Laos to increase forest coverage to preserve hydropower potential

Construction News Laos Vietnam

Laos to increase forest coverage in 5-year plan

The Nation (Thailand)

Laos plans to increase its forest coverage from less than 41 per cent now to 65 per cent by 2015, state media reports said.

Increased woodland is important to safeguard the country’s water resources, essential to drive the hydropower plants that earn the country most of its foreign income, the state-run Vientiane Times reported.

The National Assembly last week set down various economic targets in the country’s seventh five-year economic plan for 2011-15, including boosting forest coverage to 65 per cent within the period.

The mountainous, landlocked country is highly dependent on exports of hydroelectric power for its foreign-exchange earnings.

Thailand plans to buy up to 7,000 megawatts of hydropower from Laos. To date, both sides have secured supply contracts for 5,000MW. The contracts were signed amid uncertainties in Thailand, where resistance is growing over power projects deemed unfriendly to the environment.

Electricity Generating Authority of Thailand officials have complained that delays of some big projects may lead to power shortage in the years to come. As a solution, Egat recently approved the investment of tens of billions of baht to rebuild its decommissioned power plants.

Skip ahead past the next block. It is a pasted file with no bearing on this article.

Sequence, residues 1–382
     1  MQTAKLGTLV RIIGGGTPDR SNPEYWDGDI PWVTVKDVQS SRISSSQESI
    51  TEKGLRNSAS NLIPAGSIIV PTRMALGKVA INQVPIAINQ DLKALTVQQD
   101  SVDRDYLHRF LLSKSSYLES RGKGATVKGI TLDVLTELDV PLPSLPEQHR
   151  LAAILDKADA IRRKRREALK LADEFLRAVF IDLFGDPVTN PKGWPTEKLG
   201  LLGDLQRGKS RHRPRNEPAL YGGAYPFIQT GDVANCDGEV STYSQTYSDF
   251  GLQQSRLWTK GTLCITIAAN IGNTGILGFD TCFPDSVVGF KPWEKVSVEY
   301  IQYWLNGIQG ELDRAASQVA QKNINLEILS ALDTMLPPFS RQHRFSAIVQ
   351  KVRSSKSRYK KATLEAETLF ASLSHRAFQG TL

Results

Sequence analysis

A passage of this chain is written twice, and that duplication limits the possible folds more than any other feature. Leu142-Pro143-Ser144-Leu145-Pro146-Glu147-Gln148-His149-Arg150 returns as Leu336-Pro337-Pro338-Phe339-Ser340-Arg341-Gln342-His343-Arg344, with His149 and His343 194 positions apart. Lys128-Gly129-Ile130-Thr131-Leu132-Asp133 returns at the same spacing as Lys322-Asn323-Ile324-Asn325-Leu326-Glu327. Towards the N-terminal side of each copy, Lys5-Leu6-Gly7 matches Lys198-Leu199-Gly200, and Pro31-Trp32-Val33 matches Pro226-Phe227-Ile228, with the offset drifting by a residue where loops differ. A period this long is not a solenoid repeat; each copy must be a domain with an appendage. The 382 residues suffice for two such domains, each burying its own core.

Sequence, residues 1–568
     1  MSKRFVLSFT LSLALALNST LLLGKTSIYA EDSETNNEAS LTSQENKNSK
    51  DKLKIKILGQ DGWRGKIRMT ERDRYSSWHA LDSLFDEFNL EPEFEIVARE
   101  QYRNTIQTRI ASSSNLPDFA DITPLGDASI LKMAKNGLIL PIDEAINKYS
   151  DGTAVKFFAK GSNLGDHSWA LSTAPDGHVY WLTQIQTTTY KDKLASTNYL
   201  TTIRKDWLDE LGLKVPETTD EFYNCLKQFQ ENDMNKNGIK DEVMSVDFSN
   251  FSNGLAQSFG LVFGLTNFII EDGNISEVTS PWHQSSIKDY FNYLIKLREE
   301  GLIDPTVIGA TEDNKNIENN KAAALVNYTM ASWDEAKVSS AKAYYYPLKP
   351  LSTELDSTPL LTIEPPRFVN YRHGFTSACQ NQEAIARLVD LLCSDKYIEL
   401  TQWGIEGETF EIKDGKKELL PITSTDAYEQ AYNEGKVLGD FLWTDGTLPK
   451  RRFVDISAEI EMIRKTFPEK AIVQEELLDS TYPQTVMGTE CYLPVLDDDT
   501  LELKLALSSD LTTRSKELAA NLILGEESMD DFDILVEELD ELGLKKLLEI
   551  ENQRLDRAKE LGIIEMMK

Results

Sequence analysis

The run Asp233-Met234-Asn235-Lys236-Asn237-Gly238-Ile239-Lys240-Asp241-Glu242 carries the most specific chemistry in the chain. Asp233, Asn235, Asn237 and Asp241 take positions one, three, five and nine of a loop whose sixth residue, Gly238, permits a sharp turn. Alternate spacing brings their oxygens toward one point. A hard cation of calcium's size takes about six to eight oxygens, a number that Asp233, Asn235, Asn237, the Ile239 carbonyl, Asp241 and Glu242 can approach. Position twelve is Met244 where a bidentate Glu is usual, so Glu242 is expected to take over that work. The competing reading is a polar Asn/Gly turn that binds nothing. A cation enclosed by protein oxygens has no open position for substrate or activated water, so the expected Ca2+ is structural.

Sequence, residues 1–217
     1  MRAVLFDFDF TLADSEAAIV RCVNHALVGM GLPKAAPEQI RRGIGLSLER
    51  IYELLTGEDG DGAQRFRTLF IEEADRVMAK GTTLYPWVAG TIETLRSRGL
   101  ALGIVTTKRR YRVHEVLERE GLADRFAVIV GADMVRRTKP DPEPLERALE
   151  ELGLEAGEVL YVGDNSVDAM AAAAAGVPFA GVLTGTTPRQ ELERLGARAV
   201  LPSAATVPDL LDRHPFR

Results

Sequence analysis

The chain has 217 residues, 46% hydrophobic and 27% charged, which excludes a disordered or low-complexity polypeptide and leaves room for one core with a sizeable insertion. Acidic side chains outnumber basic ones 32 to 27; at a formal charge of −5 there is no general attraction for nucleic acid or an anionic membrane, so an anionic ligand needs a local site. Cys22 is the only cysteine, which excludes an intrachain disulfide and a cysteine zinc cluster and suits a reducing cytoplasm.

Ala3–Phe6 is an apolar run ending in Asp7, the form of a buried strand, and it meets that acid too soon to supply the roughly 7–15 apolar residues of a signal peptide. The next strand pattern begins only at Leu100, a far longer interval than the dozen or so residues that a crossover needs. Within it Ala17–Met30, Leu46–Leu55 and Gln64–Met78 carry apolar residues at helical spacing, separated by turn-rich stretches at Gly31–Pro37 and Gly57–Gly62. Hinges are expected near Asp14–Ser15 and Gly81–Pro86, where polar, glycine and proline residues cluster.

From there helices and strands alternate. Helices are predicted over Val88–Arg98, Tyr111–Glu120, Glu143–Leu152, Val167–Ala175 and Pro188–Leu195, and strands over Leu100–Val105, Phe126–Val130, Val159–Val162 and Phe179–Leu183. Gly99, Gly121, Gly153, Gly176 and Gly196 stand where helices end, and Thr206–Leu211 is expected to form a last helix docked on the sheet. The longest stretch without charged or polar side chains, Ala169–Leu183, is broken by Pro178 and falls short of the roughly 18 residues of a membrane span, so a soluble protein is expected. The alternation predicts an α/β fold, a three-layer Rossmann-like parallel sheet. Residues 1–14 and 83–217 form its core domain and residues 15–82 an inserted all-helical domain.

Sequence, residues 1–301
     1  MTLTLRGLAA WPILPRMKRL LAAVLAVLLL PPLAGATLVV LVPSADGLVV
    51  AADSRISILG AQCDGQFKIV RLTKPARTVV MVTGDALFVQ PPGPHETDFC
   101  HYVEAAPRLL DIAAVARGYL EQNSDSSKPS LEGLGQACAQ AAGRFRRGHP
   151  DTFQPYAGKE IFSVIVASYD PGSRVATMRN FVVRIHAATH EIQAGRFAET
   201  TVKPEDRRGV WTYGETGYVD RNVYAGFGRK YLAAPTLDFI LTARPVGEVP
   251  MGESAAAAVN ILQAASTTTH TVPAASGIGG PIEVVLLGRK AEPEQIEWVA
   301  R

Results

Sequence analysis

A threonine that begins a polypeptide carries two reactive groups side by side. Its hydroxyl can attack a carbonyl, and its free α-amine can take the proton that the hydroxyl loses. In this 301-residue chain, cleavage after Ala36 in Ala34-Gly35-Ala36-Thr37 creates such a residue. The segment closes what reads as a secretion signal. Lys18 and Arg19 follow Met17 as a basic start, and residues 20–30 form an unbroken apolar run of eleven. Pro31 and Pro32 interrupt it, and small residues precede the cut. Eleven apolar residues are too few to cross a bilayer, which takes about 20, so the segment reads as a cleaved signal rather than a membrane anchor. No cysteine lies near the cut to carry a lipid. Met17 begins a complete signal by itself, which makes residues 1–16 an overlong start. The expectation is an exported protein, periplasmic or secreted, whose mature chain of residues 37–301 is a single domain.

The agency will not need to issue bonds or borrow to finance the investment if private power projects can proceed as planned. A possible delay in planned nuclear power plants, for the generating of 5,000MW, is another risk factor for the Thai energy sector.

However, Laos’ sustainability of its water resources depends on the protection of the forests and watersheds, according to economists.

Laos’ national forest coverage has dropped from 70 per cent in 1940, at 17 million hectares, to 41 per cent in 2001, when a ban on timber exports was enforced.

Illegal deforestation has been rampant over the past decade, environmentalists claim.

Current reforestation programmes have concentrated on allowing investments in massive rubber plantations in Laos’ border regions with China and Vietnam.

Other targets of the five-year plan include raising the population from 6 million to 6.9 million and achieving annual economic growth of 8 per cent, the report said.

Laos, which has been under a communist regime since 1975, is ranked as one of the world’s poorest countries.

The government remains highly depen-dent on foreign aid to meet its development needs.

In the 2011-15 period, the government claims it will need to invest US 15 billion (Bt453 billion) in various projects to meet its target of 8-per-cent annual economic growth.

Under its five-year development plan, foreign assistance will contribute 19-21 per cent of gross domestic product during the period, keeping the budget deficit at 3-5 per cent of GDP per year, the newspaper reported.

DPA, The Nation

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The Nation (Thailand)


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